Tech firms seek government surveillance reform

Google, Microsoft and Facebook are among eight leading cloud and tech firms calling for sweeping reform in how US intelligence agencies gather data in bulk and restrict the ability of service providers to inform their customers on the extent and nature of government requests for such data, according to an open letter published by the group today.

Eight cloud service providers – Apple, AOL, Facebook, Google, LinkedIn, Microsoft, Twitter and Yahoo have published an open letter addressed to the US president and members of Congress calling on the US government to stop bulk data gathering for intelligence purposes.

The move follows a summer of leaks detailing the extent of the NSA’s digital intelligence gathering techniques, methods that continue to draw rebuke from consumers and service providers. Most of the companies involved are among those to have called for more transparency over the nature and extent of government requests for data immediately following the leaks.

“The balance in many countries has tipped too far in favour of the state and away from the rights of the individual – rights that are enshrined in our Constitution,” the letter reads. “This undermines the freedoms we all cherish. It’s time for a change.”

Instead, the government should codify limitations on its ability to compel service providers to disclose user data, limit surveillance to “specific, known users,” and allow service providers more transparency over government demands for user information.

“The security of users’ data is critical, which is why we’ve invested so much in encryption and fight for transparency around government requests for information,” said Larry Page, chief executive officer of Google. “This is undermined by the apparent wholesale collection of data, in secret and without independent oversight, by many governments around the world.”

“It’s time for reform and we urge the US government to lead the way,” Page added.

The tech companies are calling for governments around the world to adopt a charter of principles which include limiting governments’ ability to collect user information, improving oversight and accountability through a clear legal framework and the scrutiny of independent courts, increase transparency around government requests for data, and avoid adopting legal frameworks that conflict between countries.

The group also said governments, in responding to the surveillance revelations should not require service providers to build out infrastructure within a country’s borders just to be able to operate locally, a concept leaders in Germany and Brazil have openly flirted with.

“People won’t use technology they don’t trust,” said Brad Smith, general counsel and executive vice president, legal and corporate affairs at Microsoft. “Governments have put this trust and risk, and governments need to help restore it.”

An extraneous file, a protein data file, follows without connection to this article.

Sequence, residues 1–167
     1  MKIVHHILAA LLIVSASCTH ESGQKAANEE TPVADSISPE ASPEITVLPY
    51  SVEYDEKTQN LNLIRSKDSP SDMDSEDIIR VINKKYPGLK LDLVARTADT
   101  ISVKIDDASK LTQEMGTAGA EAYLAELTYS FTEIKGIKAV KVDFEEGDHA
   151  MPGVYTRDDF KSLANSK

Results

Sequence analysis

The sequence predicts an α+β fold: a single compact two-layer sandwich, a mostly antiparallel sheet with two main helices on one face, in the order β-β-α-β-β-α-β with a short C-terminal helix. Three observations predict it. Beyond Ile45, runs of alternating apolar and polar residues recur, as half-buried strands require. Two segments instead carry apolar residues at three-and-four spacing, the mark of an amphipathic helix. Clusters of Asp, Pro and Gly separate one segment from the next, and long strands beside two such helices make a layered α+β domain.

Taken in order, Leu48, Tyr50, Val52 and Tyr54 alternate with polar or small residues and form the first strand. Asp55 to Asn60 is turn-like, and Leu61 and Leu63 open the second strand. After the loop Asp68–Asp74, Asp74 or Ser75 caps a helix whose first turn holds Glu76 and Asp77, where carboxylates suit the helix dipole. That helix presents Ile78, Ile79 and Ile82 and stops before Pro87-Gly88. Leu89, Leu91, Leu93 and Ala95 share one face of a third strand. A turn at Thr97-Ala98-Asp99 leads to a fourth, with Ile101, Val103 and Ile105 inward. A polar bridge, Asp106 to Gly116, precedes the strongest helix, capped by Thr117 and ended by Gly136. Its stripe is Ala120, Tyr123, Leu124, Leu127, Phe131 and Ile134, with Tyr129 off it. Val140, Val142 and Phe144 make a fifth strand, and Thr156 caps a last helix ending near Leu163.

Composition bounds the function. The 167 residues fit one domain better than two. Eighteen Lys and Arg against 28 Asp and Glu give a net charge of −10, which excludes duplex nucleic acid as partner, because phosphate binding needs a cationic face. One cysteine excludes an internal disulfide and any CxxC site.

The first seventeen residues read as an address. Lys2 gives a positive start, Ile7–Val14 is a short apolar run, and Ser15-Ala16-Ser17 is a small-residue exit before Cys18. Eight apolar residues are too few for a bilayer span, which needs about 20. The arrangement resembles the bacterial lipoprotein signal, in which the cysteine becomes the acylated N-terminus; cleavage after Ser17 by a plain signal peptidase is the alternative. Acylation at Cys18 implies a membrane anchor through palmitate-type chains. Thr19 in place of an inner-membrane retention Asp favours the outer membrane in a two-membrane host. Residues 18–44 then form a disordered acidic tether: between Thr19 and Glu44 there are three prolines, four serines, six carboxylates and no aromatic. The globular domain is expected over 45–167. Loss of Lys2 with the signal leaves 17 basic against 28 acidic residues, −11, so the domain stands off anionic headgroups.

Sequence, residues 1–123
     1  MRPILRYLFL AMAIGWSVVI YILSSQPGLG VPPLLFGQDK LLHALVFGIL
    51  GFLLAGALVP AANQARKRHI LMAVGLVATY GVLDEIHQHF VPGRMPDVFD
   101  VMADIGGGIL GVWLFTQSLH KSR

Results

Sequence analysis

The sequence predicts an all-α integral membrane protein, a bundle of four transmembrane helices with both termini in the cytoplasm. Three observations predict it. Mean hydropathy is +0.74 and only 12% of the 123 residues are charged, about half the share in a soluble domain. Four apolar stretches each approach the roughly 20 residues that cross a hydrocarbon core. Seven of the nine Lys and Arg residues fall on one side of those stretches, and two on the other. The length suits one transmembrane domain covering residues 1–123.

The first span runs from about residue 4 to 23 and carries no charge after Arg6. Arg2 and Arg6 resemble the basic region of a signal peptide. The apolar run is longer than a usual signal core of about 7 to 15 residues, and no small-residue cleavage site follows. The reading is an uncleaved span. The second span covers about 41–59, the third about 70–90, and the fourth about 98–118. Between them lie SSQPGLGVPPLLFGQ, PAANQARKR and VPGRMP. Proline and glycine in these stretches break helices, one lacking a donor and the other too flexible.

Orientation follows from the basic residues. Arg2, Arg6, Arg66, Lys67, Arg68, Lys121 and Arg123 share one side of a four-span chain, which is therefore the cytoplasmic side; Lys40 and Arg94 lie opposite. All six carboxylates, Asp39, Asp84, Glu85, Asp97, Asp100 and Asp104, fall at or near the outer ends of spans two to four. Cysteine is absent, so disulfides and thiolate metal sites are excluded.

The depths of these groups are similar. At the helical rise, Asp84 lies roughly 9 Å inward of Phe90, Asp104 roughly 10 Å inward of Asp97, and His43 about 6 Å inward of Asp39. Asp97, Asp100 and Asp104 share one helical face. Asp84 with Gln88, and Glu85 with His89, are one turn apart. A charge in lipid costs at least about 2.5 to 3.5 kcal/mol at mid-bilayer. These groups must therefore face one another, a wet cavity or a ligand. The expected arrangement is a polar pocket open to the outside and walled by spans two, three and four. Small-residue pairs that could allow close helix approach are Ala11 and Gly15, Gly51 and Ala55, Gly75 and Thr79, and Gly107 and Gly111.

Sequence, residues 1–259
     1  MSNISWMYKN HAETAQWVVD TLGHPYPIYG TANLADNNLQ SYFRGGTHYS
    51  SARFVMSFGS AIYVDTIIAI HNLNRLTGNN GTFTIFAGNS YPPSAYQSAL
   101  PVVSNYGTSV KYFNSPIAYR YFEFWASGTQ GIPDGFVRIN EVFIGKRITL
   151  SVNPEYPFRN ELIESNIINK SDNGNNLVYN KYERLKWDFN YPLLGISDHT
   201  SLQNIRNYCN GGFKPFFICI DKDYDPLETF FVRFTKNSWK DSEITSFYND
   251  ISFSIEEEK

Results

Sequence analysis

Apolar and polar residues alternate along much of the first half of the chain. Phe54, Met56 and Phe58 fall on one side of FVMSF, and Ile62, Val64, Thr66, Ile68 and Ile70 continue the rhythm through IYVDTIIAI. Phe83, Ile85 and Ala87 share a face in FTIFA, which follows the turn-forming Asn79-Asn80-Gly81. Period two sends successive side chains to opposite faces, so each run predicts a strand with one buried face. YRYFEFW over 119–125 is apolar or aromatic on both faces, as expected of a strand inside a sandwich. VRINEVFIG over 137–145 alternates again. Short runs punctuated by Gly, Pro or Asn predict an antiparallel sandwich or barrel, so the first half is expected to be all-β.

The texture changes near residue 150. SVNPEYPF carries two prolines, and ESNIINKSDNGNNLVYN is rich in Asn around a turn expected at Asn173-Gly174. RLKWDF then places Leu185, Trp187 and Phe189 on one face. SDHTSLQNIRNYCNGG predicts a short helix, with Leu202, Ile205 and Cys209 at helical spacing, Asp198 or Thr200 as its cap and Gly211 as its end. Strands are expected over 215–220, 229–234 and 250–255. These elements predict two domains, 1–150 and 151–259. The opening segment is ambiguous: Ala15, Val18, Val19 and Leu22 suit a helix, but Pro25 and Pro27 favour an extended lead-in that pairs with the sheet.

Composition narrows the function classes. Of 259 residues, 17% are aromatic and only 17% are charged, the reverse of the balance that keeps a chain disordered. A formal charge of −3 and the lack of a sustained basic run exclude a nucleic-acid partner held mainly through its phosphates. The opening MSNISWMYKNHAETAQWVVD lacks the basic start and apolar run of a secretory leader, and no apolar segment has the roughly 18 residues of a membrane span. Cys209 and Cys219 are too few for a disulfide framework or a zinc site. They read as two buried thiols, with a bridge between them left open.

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The latest move by the cloud companies is perhaps the most united, detailed articulation of the need for reform since details of the NSA’s bulk data gathering techniques were leaked earlier this year. But while these companies place most of the blame squarely on governments and largely seek public sector reform, some say service providers also need to assess how their own data retention practices play an important role in the broader reform process.

“This very public display of unity is essentially an acknowledgement from these large internet companies that the public has begun to lose trust in them, and as a result in the internet as a whole,” said Rafael Laguna, chief executive officer of Open-Xchange, a cloud-based collaboration service provider.

Laguna said that these companies seem to maintain a double standard of condemning governments for data surveillance, while at the same time “harbouring the unquantifiable amounts of data that governments wish to access in the first place.”

Google for instance has recently upset European data protection watchdogs for breaching data protection laws, with Spain and France arguing that consumers were not clearly told how Google planned to use their information before it was shared. France, which also wants Google to include specific data retention periods in its terms and agreements, has given the company three months to re-write its privacy policy. The company could face up to £1.3m in fines.

“Charity begins at home, and the first step to rebuilding trust in an open internet is to address their own data retention policies before pointing the finger elsewhere,” Laguna said.

“Too often the likes of Facebook and Google run such a monopoly that they define the terms in which the web is experienced – but even they recognise that this isn’t completely unshakeable; if people lose faith in their services and move to alternatives, revenues will take a big hit,” he added.

This article originally appeared on Business Cloud News


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